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Thou, (tho' men think thine an unactive part)
Dost break and tame th' unruly heart,
Which else would know no settled pace,
Making it move, well manag'd by thy art,
With swiftness and with grace.
Thou the faint beams of Reason's scatter'd light
Dost, like a burning-glass, unite,
Dost multiply the feeble heat,
And fortify the strength, till thou dost bright
And noble fires beget.
Whilst this hard truth I teach, me thinks I see The monster London laugh at me:
I should at thee too, foolish city, If it were fit to laugh at misery;
But thy estate I pity.
Let but thy wicked men from out thee go,
And all the fools that crowd thee so,
E'en thou, who dost thy millions boast,
A village less than Islington. will grow,
A solitude almost.
(PARNELl.J Far in a wild, unknown to public view, From youth to age a rev'rend Hermit grew; The moss his bed, the cave his humble cell, His food the fruits, his drink the crystal well: Remote from man, with God he pass d the days, Prayer all his business, all his pleasure praise.
A life so sacred^ such serene repose, Seem'd heaven itself, 'till one suggestion rose, That Vice should triumph, Virtue Vice obey; This sprung some doubt of Providence's sway: His hopes no more a certain prospect boast. And all the tenour of his soul is lost: So when a smooth expanse receives imprest Calm Nature's image on its wat'ry breast, Down bend the banks, the trees depending grow, And skies beneath with answering colours low:
But if a stone the gentle sea divide,
Swift ruffling circles curl on ev'ry side, •'
And glimm'ring fragments of a broken sun,
Banks, trees, and skies, in thick disorder run.
To clear this doubt, to know the world by sight,
To find if books, or swains, report it right,
(For yet by swains alone the world he knew,
Whose feet came wand'ririg o'er the nightly dew)
He quits his cell; the pilgrim-staff he bore,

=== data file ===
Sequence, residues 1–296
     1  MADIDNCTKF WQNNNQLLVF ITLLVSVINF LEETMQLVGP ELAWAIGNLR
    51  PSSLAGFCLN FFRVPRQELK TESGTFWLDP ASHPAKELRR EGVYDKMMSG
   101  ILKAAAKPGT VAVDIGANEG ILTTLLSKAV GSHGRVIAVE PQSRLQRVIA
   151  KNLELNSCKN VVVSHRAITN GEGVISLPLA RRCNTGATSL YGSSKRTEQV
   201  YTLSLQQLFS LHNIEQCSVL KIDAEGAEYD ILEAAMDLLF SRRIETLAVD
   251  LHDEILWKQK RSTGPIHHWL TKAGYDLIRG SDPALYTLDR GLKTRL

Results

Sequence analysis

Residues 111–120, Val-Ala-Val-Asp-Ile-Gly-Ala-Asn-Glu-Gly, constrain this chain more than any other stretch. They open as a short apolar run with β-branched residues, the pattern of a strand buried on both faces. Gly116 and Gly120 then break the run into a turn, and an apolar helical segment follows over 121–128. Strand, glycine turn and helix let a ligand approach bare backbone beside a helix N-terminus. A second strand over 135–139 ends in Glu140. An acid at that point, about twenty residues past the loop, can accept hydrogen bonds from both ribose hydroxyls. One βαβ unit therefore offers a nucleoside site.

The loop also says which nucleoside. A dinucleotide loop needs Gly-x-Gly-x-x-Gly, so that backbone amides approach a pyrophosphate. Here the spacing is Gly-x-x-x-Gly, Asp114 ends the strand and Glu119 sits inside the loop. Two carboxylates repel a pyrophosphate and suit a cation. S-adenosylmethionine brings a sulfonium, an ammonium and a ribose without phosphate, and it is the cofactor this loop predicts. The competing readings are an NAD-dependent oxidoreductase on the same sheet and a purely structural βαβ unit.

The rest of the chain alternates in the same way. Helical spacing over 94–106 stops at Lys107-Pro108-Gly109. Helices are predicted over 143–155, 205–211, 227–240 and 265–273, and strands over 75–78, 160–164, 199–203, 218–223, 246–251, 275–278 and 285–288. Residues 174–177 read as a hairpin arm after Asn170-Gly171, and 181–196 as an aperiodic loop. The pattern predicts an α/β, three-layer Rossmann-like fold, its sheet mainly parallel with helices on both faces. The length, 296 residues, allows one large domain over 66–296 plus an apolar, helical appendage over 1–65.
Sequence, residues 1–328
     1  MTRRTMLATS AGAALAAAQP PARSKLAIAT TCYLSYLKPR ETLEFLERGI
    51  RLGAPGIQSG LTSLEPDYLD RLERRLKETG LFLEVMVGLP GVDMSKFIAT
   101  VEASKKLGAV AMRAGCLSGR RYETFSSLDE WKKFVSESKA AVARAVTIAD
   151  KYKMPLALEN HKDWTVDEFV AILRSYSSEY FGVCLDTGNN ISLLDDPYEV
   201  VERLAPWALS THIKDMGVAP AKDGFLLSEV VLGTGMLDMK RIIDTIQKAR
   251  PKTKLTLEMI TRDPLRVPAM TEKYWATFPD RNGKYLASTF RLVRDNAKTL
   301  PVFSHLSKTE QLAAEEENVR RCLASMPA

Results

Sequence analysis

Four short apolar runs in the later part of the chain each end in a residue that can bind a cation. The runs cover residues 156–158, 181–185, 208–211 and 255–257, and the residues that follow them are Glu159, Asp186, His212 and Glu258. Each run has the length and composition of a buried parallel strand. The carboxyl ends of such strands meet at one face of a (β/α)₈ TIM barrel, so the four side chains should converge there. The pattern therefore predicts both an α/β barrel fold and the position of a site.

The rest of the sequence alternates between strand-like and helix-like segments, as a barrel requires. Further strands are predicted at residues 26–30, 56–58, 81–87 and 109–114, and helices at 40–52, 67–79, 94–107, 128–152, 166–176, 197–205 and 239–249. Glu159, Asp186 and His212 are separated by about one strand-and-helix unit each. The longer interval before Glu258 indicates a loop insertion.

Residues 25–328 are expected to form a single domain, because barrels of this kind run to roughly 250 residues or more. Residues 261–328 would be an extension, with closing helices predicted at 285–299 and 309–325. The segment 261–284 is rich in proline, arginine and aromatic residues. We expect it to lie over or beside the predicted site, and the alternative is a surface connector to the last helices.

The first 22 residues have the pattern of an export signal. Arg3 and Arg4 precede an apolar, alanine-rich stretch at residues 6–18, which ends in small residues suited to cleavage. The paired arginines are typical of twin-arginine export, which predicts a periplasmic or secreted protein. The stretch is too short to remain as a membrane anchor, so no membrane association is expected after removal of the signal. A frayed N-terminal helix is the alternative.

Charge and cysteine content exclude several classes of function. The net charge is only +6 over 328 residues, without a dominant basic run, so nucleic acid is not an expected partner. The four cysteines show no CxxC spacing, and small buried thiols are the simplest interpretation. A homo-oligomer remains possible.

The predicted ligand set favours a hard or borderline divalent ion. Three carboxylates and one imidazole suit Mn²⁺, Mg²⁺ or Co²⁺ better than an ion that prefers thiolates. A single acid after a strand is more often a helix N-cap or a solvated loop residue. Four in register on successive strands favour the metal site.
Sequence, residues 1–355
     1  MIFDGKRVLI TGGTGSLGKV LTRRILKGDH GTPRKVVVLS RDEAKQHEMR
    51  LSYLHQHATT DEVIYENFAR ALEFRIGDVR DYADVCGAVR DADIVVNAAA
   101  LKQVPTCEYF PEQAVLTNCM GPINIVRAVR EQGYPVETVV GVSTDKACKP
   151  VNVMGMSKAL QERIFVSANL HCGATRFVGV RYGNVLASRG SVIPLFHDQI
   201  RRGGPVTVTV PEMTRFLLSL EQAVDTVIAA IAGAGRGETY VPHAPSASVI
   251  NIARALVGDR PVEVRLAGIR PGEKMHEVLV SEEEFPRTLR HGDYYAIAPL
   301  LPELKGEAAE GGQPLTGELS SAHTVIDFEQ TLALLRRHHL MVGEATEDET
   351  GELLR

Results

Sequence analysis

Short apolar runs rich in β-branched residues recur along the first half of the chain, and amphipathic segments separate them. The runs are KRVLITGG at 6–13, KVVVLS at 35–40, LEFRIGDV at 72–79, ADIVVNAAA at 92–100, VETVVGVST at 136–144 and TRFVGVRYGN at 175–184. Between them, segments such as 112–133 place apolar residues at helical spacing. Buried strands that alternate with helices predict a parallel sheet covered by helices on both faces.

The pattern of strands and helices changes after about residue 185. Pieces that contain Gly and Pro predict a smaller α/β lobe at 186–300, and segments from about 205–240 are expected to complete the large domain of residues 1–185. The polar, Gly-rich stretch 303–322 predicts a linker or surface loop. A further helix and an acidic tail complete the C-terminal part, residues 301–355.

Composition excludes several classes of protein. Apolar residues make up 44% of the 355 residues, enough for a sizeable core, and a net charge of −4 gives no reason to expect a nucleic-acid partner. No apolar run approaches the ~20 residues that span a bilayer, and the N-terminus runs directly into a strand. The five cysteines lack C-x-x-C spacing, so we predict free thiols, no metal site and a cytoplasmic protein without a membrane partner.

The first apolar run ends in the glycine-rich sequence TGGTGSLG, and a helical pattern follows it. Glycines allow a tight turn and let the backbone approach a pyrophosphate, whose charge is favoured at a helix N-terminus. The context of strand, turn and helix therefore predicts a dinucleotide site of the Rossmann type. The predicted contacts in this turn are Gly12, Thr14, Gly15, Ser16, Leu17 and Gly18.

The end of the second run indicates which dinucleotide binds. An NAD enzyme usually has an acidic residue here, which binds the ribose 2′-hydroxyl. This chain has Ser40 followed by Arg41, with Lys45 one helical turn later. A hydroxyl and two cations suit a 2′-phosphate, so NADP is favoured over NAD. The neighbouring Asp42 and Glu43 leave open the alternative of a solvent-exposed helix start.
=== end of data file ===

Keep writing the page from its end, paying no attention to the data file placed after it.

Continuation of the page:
And fix'd the scallop in his hat before;
Ihen with the sun a rising journey went,
Sedate to think, and watching each event.
The morn was wasted in the pathless grass,
And long and lonesome was the wild to pass;''
But when the southern sun had warm'd the day,
A youth came posting o'er a crossing way;
His raiment decent, his complexion fair,
And soft in graceful ringlets wav'd his hfiir.
Then near approaching, Father, hail! he cry'd;
And hail, my son! the rev'rend sire reply'd;
Words follow'd words, from question answer flow'd,
And talk of various kinds deceiv'd the road; ... _
'Till each with other pleas'd, and loth to part, ^,: ass'Hv A
While in their age they differ, join in heart:
Thus stands an aged elm in ivy bound,
Thus youthful ivy clasps an elm around.
Now sunk the sun; the closing hour of day
Came onward, mantled o'er with sober grey;
Nature in silence bade the world repose,
When near the road a stately palace rose:
There by the moon through ranks of trees they pass,
Whose verdure crown'd their sloping sides of grass.
It chanc'd the noble master of the dome
Still made his house the wand'ring stranger's home:
Yet still the kindness, from a thirst of praise,
Prov'd the vain flourish of expensive ease.
The pair arrive: the livery'd servants wait;
Their lord receives them at the pompous gate.
The table groans with costly piles of food,
And all is more than hospitably good.
Then led to rest, the day's long toil they drown,
Deep sunk in sleep, and silk, and heaps of dpwn.
At length 'tis morn, and at the dawn of day •
Along the wide canals the zephyrs play;
Fresh o'er the gay parterres the breezes creep,
And shake the neighb'ring wood to banish sleep.
Up rise the guests, obedient to the call:
An early banquet deck'd the splendid hall;
Rich luscious wine a golden goblet grac'd,
Which the kind master forc'd the guests to taste.
Then, pleas'd and thankful, from the porch they go:
And, but the landlord, none had cause of woe;
His Cup was vanish'd ;' for in secret guise
The younger guest purloin'd the glitt'ring prize.
As one who spies a serpent in his way,
Glistening and basking in the summer-ray,
Disorder'd stops to shun the danger near,
Then walks with faintness on, and looks with fear;
So seem'd the sire, when, far upon the road,
The shining spoil his wily partner show'd.
He stopp'd with silence, walk'd with trembling heart,
And much he wish'd, but durst not ask to part:
Murm'ring he lifts his eyes, and thinks it hard,
That gen'rous actions meet a base reward.
While thus they pass, the sun his glory shrouds,
The changing skies hang out their sable clouds;
A sound in air presag'd approaching rain,
And beasts to covert scud across the plain.
Wam'd by the signs, the wand'ring pair retreat
To seek for shelter at a neighb'ring seat.
'Twas built with turrets, on a rising ground,